‘Wonder Woman’ Is Beyond Super [Review]
Wonder Woman is finally in theaters in her first ever headlining live action feature film, easily the best superhero movie you will see this year and one of the finest genre achievements ever made, an absolutely stunning, emotionally charged joyride that is beyond super and more than overdue.
A rousing origin story of pop culture’s most iconic female, who first appeared in DC comics more than 75 years ago, the new Wonder Woman movie is the kind of event viewing that recalls the radically redefining theatrical openings of Richard Donner’s 1978 Superman starring Christopher Reeve or Tim Burton’s Batman starring Michael Keaton. There’s a fresh crispness and comforting warmth to it that also echoes Spider-Man‘s first theatrical outing and Christopher Nolan’s landmark Dark Knight trilogy.
Directed by Patty Jenkins (Monster), the film is already a record-breaking hit with both critics and audiences worldwide, earning its rightful spot as the highest grossing female-directed movie of all time. And the best news is that it really is that good.
When the Amazon women of the mystical island of Themyscira ride into battle against the invading World War I era Germans early in the film, it becomes clear that Jenkins and these highly skilled female warriors, led by a smiling, totally badass Robin Wright as Antiope, are deadly serious, taking the fight to the underestimating men, set to a powerful score that underlines the epic choreography of violence.
When Diana, the rebelliously righteous chosen one among the Amazons, goes against the wishes of her queen and mother, played by Connie Nielsen, and leaves the island to defend the world of men against a growing evil tide, the action moves to a more familiar realm but our hero is unlike anything we’ve seen before.
I could tell you all about the symbolism of a woman, against all odds, defying the warnings and orders of every male she comes into contact with to eventually leave them behind and enter the battlefield, dubbed perfectly as “No Man’s Land,” alone with only her own strength and tools to take on an enemy that is endangering the lives of innocent others. As the gunfire blasts away, the soldiers concentrating all their power on this one woman brave enough to face them head on, the music swells, emotions flare, and Wonder Woman becomes what she has always been – the ultimate embodiment of women’s struggles and victories, as timely then as it certainly is now. But it all resonates so firmly and effectively within this hero’s journey, you’ll get it when you see it, and more importantly, you’ll feel it.
And let’s talk about how awesome Gal Gadot is.
Reprising her portrayal of the title character after debuting in last year’s Batman v Superman: Dawn of Justice, the statuesque Israeli-born Gadot is so perfect as Diana, it’s impossible to imagine anyone else in the role now. By the time she climbs the latter to enter that battlefield, the viewer is right there with her, behind her every step of the way, protected by her shield and a new kind of fearless sincerity for superhero movies that we never knew we needed so bad.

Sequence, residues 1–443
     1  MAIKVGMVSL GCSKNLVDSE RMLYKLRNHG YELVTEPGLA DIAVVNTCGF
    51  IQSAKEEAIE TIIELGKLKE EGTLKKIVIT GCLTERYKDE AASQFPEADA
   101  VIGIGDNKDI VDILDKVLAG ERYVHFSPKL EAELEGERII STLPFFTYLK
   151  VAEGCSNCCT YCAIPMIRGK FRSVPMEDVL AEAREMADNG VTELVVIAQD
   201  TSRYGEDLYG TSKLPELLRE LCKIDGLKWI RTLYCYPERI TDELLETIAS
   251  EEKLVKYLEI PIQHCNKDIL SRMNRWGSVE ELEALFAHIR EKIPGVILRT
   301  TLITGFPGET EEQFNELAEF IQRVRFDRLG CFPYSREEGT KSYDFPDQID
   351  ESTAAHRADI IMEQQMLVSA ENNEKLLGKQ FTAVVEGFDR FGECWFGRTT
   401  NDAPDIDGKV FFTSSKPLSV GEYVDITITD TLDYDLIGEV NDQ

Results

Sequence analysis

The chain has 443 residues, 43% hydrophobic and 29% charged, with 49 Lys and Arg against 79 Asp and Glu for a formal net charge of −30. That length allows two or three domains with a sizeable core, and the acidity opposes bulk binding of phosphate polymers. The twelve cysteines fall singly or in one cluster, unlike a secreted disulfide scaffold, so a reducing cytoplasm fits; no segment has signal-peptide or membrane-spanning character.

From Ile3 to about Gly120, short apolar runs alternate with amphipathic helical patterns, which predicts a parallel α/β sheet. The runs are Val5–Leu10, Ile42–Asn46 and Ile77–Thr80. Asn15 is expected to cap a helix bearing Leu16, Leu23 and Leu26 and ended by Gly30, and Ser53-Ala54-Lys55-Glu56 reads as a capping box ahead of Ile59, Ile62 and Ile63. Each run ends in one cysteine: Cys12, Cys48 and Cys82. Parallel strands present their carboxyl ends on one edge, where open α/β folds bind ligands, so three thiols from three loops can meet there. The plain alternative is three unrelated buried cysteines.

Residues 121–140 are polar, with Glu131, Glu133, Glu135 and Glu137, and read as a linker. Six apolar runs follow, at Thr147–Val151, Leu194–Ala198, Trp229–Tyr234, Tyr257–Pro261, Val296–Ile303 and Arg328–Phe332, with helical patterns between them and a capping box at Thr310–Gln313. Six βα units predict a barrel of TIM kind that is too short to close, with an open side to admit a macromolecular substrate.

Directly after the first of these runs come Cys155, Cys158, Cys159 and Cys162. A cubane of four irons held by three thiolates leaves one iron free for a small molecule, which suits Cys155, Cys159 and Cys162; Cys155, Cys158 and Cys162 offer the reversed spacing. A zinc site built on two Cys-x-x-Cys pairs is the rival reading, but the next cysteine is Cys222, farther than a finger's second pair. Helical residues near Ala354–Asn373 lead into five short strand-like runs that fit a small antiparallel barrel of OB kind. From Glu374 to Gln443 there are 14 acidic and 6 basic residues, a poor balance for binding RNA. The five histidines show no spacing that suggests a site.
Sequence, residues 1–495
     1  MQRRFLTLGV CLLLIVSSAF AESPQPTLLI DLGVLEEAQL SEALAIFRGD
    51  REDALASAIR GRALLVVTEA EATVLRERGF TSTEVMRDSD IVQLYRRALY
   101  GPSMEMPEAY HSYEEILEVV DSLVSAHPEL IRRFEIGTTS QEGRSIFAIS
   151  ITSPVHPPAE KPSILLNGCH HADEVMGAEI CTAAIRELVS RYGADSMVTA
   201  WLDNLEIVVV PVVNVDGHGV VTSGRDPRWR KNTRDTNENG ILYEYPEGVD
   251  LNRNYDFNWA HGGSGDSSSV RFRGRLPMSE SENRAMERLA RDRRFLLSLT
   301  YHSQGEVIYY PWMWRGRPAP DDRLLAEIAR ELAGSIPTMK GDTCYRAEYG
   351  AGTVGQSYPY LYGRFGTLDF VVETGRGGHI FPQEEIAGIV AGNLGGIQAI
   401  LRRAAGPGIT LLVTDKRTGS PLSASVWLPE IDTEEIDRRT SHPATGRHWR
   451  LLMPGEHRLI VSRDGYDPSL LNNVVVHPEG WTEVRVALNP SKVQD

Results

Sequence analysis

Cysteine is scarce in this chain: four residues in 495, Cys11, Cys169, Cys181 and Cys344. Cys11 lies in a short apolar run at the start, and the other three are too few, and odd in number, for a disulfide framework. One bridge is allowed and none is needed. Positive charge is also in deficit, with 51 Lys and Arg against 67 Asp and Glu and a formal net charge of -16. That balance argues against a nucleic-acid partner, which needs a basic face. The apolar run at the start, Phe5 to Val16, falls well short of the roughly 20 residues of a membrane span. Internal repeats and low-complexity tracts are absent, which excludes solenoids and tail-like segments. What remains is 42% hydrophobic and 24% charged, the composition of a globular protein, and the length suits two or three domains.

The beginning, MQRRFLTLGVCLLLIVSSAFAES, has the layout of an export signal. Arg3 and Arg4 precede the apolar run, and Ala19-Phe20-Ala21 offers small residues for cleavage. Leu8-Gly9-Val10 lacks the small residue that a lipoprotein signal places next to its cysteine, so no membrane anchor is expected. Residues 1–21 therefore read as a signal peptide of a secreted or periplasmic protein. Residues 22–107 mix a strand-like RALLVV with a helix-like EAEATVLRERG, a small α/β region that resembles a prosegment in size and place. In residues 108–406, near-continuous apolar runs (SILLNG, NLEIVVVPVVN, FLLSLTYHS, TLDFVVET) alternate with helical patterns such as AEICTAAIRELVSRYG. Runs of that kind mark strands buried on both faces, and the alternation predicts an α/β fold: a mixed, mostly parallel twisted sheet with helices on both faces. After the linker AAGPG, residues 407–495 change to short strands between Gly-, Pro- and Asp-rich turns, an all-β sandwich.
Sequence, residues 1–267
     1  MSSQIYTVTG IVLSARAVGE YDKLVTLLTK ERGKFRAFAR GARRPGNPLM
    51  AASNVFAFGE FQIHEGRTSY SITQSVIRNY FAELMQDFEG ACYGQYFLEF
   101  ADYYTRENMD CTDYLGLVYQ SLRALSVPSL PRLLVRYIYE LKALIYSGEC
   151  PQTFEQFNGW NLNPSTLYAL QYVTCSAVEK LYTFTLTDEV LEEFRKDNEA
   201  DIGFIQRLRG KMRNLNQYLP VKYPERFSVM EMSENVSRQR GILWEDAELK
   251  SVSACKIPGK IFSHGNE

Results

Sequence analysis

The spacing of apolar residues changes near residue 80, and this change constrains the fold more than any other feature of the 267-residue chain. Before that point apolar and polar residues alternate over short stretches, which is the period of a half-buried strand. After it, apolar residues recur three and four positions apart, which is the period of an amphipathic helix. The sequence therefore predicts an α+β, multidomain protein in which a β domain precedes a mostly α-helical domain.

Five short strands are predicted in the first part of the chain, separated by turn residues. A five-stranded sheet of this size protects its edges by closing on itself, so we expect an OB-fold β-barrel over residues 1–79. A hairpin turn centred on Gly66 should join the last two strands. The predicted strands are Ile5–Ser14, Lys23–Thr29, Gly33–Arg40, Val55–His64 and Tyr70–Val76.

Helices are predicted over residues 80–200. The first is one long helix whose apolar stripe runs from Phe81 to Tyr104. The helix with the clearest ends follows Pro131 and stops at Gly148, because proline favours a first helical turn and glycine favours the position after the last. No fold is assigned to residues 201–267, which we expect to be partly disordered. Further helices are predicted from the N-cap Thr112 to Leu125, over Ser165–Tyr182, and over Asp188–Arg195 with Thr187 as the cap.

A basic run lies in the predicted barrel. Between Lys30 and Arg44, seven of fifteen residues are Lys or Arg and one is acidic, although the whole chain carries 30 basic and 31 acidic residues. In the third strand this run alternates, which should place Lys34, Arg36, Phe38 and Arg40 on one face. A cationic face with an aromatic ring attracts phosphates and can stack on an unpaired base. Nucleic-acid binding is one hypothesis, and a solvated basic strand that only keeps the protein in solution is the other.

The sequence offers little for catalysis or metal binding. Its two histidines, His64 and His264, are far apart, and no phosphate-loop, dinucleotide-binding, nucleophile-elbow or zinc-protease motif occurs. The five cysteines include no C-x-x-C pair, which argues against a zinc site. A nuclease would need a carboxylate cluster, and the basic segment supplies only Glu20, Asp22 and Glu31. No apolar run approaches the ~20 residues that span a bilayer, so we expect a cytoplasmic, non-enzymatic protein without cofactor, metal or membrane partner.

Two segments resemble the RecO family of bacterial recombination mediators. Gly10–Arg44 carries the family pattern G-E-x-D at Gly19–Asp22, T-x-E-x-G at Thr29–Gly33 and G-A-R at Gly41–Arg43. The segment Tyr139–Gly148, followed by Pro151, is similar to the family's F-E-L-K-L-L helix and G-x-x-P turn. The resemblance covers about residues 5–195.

Chris Pine is Steve Trevor, Diana’s love interest from the comic books, providing a few laughs throughout and representing the rare inner goodness of mankind that all but a small band of his contemporaries are so sorely lacking. He and his closest misfit pals are an eye-opening lesson to our rising hero that not all men are totally bad, just most of them, and some are actually worth fighting for.
As the mysteriously disfigured Doctor Poison, Elena Anaya is a worthy villain who leaves us wanting more, while former Wolverine foe Danny Huston is a Trumpian menace as a chemically enhanced German general.
We’re also left with too little of Lucy Davis’ hilarious turn as Etta Candy, Steve Trevor’s much put upon but ever faithful secretary.
As the fourth film in the DC Extended Universe (DCEU), following 2013’s Man of Steel and last year’s double feature of Dawn of Justice and Suicide Squad, there are a few call backs and Easter eggs to help set up this November’s Justice League, but for the most part, Wonder Woman is its own stand alone movie, as it should be for the greatest female superhero of all time.
It has been a long time coming, but Wonder Woman is finally here, with the played out cynicism of the typical tortured hero now gone, using her superpower of love to whip us into a frenzy of excitement, ready to follow her charge into the war zone of doubters and haters, making the world a better place for everybody.
Official Rating: 5 out of 5 Stars
Reviewed by: Matt Artz
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Wonder Woman (rated PG13) is now playing locally at RC Theatres in Kill Devil Hills.